Glutathione, the most abundant non-enzymatic cellular thiol, regulates the redox environment through a balance of its reduced (GSH) and oxidised (GSSG) forms. Its antioxidant tasks include the defence against oxidative damages caused by reactive oxygen species (ROS), detoxification from toxic compounds, protection from oxidation of protein sulfhydryls. Hence, this tripeptide affects many cellular functions, such as tran- sport, metabolism, cell cycle, carcinogenesis, apoptosis; furthermore, it is involved in the post-translational regulation of protein functions through the S-glutathionylation of specific cysteine residues. The enzyme me- chanism for GSH biosynthesis is conserved throughout prokaryotes and eukaryotes and includes two sequen- tial steps for the assemblage of glutamate, cysteine and glycine into GSH, the driving force being guaranteed by the hydrolysis of ATP. In most prokaryotes, the two reaction steps are catalysed by two distinct enzymes, γ-glutamyl-cysteine ligase (GshA) and glutathione synthetase (GshB). In this work, the GSH biosynthesis was investigated for the first time in a cold-adapted microorganism, such as Pseudoalteromonas haloplanktis. This psychrophile, perfectly adapted to ROS protection, exhibits intriguing features in the functional role and biosynthesis of GSH. First, some antioxidant enzymes from this source are S-glutathionylated; second, differently from other proka- ryotes containing a single GshA and GshB, P. haloplanktis has two redundant GshA gene products (GshA I and GshA II) besides one GshB. In this study a detailed characterization of the recombinant forms of these enzymes was realised, focusing on the different role played by the redundant GshAs. The cold adaptations of the three enzymes of P. haloplanktis were compared and two distinct complete systems for GSH synthesis were reconstituted and analysed in order to dissect partial and complete reaction rates for GSH biosynthesis, even for potential biotechnological applications.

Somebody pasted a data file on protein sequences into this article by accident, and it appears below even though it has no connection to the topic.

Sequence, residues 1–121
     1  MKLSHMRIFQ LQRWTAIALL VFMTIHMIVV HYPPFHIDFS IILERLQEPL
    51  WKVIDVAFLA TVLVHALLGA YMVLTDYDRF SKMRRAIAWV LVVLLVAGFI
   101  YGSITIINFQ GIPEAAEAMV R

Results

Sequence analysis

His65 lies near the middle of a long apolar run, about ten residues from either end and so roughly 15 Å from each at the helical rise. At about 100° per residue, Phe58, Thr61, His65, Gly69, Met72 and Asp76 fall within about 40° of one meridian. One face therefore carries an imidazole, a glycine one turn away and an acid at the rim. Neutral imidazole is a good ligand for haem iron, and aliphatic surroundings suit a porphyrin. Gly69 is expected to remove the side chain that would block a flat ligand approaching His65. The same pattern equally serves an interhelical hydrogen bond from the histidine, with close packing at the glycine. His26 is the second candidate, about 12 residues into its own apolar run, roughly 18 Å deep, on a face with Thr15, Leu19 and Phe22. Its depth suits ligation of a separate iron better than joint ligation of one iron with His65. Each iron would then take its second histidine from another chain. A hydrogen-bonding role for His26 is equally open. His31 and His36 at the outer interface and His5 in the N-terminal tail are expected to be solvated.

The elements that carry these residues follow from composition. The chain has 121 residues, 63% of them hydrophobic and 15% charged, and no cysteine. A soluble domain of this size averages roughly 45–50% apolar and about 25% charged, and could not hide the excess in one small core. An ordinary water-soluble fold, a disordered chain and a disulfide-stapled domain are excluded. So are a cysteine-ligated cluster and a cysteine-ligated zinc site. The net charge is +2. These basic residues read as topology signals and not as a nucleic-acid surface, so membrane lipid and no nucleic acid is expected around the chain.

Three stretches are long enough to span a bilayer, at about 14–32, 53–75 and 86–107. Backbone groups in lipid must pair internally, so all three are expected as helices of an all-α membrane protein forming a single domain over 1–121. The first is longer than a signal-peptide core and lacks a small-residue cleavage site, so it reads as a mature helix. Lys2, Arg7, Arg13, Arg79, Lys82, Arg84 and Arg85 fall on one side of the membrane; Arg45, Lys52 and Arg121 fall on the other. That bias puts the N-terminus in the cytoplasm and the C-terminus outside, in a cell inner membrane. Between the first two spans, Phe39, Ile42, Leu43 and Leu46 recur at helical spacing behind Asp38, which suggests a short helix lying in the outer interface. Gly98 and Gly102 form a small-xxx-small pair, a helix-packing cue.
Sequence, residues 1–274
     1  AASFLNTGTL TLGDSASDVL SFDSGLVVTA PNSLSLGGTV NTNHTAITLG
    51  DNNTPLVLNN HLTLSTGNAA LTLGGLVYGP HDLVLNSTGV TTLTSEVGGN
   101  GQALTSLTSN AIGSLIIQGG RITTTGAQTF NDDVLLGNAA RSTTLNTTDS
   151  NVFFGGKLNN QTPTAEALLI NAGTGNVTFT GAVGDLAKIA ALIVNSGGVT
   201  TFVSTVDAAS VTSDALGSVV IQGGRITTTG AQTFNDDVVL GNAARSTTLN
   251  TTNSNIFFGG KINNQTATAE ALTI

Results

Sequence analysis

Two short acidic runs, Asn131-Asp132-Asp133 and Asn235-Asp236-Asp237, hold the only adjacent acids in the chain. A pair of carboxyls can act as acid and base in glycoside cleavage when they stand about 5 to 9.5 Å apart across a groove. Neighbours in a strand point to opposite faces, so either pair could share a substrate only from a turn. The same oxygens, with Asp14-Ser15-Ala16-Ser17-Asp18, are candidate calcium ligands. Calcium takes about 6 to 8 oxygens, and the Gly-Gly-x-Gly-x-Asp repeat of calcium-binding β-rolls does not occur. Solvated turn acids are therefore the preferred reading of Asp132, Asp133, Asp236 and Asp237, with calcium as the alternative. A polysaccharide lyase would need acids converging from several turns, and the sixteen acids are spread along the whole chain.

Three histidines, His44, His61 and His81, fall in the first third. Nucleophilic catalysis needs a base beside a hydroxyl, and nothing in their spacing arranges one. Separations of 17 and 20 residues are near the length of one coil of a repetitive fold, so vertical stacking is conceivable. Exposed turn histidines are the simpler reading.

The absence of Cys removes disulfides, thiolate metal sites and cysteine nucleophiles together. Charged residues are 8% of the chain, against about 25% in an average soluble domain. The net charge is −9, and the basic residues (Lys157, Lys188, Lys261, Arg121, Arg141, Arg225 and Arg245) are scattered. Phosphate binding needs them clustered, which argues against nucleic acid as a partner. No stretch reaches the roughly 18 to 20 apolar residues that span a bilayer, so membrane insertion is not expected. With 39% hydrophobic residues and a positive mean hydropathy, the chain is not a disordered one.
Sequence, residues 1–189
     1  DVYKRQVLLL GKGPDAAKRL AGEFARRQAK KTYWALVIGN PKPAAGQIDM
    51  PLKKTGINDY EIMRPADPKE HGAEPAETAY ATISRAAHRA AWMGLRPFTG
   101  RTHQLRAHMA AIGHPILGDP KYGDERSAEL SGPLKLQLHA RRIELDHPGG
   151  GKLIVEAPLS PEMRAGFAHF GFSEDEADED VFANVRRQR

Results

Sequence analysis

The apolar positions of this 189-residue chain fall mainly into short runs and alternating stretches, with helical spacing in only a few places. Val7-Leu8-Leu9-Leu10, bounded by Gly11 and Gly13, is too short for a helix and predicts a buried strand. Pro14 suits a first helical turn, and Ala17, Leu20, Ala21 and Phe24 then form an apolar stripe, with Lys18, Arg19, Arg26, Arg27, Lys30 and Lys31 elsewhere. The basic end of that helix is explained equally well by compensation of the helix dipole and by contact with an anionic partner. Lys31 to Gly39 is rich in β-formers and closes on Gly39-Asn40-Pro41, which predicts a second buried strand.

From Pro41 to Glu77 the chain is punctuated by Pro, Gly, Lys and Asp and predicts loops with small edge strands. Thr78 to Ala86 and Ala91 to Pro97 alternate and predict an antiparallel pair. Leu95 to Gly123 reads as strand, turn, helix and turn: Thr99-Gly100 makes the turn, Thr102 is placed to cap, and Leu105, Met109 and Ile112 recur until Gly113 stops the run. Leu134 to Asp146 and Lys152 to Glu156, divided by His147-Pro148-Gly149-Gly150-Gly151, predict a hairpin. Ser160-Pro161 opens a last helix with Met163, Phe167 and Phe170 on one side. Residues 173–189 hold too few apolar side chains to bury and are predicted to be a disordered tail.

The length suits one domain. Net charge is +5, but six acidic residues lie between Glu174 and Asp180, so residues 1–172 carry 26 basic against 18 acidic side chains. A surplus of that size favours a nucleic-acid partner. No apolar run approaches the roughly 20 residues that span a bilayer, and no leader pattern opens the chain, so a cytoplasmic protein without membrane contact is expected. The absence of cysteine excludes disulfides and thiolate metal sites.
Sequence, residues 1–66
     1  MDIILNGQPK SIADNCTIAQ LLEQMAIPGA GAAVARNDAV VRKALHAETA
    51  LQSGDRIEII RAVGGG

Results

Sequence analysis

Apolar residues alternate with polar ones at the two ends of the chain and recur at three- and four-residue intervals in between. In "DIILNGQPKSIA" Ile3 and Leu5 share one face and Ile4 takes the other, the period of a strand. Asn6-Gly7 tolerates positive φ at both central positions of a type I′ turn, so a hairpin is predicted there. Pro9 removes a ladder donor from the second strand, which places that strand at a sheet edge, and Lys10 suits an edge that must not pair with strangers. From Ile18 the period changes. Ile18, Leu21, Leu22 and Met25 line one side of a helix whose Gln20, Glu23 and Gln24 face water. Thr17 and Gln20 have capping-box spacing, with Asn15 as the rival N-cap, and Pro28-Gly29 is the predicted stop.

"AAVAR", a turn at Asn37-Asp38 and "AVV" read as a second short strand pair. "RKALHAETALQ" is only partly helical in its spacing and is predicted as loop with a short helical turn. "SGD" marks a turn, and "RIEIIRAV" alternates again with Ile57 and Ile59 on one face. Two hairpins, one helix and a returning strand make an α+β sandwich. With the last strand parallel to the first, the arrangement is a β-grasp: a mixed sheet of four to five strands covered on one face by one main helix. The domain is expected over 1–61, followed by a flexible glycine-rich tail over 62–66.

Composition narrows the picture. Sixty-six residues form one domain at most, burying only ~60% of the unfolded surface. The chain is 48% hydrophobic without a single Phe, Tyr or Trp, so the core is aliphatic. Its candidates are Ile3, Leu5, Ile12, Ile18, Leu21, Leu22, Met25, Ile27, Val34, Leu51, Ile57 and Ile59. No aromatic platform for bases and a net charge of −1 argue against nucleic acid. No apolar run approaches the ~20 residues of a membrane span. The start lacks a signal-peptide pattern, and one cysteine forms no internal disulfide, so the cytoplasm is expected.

Glutathione biosynthesis in a cold-adapted source

ALBINO, ANTONELLA;CAPASSO, ALESSANDRA;DE ANGELIS, AMALIA;RUOCCO, MARIA ROSARIA;DE VENDITTIS, EMMANUELE
2015

Abstract

Glutathione, the most abundant non-enzymatic cellular thiol, regulates the redox environment through a balance of its reduced (GSH) and oxidised (GSSG) forms. Its antioxidant tasks include the defence against oxidative damages caused by reactive oxygen species (ROS), detoxification from toxic compounds, protection from oxidation of protein sulfhydryls. Hence, this tripeptide affects many cellular functions, such as tran- sport, metabolism, cell cycle, carcinogenesis, apoptosis; furthermore, it is involved in the post-translational regulation of protein functions through the S-glutathionylation of specific cysteine residues. The enzyme me- chanism for GSH biosynthesis is conserved throughout prokaryotes and eukaryotes and includes two sequen- tial steps for the assemblage of glutamate, cysteine and glycine into GSH, the driving force being guaranteed by the hydrolysis of ATP. In most prokaryotes, the two reaction steps are catalysed by two distinct enzymes, γ-glutamyl-cysteine ligase (GshA) and glutathione synthetase (GshB). In this work, the GSH biosynthesis was investigated for the first time in a cold-adapted microorganism, such as Pseudoalteromonas haloplanktis. This psychrophile, perfectly adapted to ROS protection, exhibits intriguing features in the functional role and biosynthesis of GSH. First, some antioxidant enzymes from this source are S-glutathionylated; second, differently from other proka- ryotes containing a single GshA and GshB, P. haloplanktis has two redundant GshA gene products (GshA I and GshA II) besides one GshB. In this study a detailed characterization of the recombinant forms of these enzymes was realised, focusing on the different role played by the redundant GshAs. The cold adaptations of the three enzymes of P. haloplanktis were compared and two distinct complete systems for GSH synthesis were reconstituted and analysed in order to dissect partial and complete reaction rates for GSH biosynthesis, even for potential biotechnological applications.
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Utilizza questo identificativo per citare o creare un link a questo documento: http://hdl.handle.net/11588/613797
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